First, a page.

Follow by Email

Wednesday, October 3, 2007

D.C. -- One Rung Higher

When I became an author – a split second after signing my first book contract – I had visions of the New York Times Bestseller List, mile-long lines at my book releases, and Capote-like reverence from everyone around me. Instead, I learned the trek is long and climbing each rung that ultimately leads to the NY Bestseller List is a slow process. Those lines take years to form.

I saw it firsthand Saturday… I was an author invited to the National Book Festival in Washington D.C. I watched people walk around like Ken Burns, Joyce Carol Oates, David Baldacci, and the one I waited in line to meet: Jodi Picoult. Regular people who’ve topped that bestseller list, normal folks who put pen to paper and likewise leapt into that “famous” category. What I learned is that they’re just like me…hard-working authors appreciating their fans. Jodi Picoult couldn’t have been kinder. With literally hundreds of people in line, she smiled for pictures, signed multiple books, and seemed to know what every author should remember: without readers, authors end up with day jobs and old copies of their books gathering dust in warehouses.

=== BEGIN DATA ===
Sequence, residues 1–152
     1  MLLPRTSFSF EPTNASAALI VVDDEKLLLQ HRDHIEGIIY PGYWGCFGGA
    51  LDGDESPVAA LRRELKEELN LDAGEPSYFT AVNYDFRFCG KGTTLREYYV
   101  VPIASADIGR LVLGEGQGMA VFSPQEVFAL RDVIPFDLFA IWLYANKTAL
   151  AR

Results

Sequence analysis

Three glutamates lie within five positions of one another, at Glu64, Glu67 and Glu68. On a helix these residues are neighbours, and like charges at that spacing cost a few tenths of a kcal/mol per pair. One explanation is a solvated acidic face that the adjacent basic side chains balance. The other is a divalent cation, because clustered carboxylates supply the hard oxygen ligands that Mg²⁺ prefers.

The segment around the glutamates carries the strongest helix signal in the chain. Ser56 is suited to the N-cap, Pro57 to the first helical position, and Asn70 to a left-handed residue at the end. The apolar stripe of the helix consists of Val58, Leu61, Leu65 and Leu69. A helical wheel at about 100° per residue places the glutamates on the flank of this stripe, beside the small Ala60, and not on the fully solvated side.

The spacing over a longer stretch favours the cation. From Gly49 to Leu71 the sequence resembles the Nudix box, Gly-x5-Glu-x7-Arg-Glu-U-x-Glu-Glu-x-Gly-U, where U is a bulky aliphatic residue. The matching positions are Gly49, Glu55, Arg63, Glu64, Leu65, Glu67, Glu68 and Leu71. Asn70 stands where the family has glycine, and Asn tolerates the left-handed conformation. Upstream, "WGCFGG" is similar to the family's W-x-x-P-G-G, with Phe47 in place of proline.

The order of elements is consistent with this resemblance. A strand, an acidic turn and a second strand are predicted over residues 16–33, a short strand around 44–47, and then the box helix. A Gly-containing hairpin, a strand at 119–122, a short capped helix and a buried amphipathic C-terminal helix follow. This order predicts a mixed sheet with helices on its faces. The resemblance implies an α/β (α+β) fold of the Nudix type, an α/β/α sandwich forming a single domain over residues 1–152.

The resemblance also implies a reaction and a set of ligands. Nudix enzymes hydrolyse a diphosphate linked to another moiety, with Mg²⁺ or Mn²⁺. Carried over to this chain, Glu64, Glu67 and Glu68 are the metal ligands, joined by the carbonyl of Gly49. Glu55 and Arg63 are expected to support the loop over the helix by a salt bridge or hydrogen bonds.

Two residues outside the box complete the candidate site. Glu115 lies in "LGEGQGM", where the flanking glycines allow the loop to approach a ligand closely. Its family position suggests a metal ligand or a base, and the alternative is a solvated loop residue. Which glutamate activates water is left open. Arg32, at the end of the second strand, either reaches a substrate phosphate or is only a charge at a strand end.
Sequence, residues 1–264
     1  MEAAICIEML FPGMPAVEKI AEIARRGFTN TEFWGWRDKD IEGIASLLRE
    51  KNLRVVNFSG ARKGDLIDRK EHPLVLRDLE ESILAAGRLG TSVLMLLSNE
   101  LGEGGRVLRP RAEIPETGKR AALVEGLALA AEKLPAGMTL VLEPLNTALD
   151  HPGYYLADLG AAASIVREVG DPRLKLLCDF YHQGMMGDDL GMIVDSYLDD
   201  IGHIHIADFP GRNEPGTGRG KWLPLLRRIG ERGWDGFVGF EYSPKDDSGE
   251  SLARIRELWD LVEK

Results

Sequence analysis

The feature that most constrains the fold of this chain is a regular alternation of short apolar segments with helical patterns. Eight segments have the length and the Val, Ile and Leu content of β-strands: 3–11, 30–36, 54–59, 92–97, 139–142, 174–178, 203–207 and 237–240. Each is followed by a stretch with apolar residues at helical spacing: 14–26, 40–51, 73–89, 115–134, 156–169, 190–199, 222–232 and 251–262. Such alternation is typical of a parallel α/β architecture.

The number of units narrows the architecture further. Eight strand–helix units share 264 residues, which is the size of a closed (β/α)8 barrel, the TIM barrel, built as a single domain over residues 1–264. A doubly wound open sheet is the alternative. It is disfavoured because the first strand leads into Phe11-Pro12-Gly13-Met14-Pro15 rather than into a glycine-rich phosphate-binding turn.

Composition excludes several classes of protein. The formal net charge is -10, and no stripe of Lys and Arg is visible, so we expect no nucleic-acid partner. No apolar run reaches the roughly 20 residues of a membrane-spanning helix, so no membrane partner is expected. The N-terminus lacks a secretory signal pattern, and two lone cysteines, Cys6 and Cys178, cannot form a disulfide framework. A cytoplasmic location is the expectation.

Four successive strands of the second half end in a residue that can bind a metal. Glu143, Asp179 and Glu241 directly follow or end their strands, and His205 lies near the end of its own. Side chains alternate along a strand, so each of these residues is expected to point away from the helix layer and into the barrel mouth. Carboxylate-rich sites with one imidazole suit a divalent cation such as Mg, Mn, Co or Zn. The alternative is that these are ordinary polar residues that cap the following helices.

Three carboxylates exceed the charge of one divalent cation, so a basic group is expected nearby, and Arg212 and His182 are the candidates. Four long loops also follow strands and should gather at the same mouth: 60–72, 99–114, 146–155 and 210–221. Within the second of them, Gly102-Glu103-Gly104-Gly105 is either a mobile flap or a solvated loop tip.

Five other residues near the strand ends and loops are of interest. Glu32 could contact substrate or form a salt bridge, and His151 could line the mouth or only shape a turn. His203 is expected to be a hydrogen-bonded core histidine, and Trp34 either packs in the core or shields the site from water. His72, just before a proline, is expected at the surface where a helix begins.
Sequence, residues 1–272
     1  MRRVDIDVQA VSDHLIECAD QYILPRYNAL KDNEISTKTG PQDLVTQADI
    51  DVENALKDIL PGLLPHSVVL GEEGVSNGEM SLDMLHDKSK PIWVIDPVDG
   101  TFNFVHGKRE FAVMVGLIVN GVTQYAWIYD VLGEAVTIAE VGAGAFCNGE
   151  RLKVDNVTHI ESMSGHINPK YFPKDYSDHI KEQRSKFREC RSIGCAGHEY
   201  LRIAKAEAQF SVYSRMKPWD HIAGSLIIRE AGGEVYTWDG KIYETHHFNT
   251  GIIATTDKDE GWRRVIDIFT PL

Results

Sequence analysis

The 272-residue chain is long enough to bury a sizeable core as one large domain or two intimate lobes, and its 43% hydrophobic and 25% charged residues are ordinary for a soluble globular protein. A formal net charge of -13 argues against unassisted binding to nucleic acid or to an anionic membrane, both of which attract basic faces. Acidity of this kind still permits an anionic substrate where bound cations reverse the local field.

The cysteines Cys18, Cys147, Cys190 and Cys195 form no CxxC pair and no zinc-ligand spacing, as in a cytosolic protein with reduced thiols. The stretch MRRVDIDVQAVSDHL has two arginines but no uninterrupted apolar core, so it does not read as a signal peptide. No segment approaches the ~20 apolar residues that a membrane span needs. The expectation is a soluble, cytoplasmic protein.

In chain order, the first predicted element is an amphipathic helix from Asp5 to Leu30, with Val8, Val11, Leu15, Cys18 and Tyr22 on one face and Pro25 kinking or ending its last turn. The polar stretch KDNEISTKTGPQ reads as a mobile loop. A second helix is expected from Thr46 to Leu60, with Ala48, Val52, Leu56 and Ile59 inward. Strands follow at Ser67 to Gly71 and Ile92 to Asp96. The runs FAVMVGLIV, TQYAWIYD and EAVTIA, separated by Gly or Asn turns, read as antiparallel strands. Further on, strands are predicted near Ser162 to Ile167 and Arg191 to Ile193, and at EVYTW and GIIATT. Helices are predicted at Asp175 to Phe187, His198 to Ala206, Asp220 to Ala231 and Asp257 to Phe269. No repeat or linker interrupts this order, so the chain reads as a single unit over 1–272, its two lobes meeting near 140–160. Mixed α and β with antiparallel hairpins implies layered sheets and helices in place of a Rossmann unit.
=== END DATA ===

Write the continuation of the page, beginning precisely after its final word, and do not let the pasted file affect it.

Encountering 200,000 readers, fans, autograph-seekers – it puts the craft in perspective. I got my first hand cramp from signing my name so many times, it became illegible. What a feat to accomplish! It gives me new fuel for my speaking engagements, new topics I will now be able to cover. Fans of my YA book can get a glimpse of Dregs on a new teens site now, which is pretty cool.

The other aspect to visiting D.C. for the first time encompassed visits to the awe-inspiring Lincoln Memorial, the White House, and the most memorable for me: The Vietnam Memorial. With a perpetual lump in my throat, I absorbed our history, our reverence for those who serve our country, and it humbled me. I may write books, but there are people out there inspiring books to be written. The quote that “freedom isn’t free” has new meaning for me now. For every veteran or anyone currently serving our nation’s military, I salute you, and I thank you for the privilege to do so.

Perhaps there’s in book in me about that, waiting to be told.

No comments: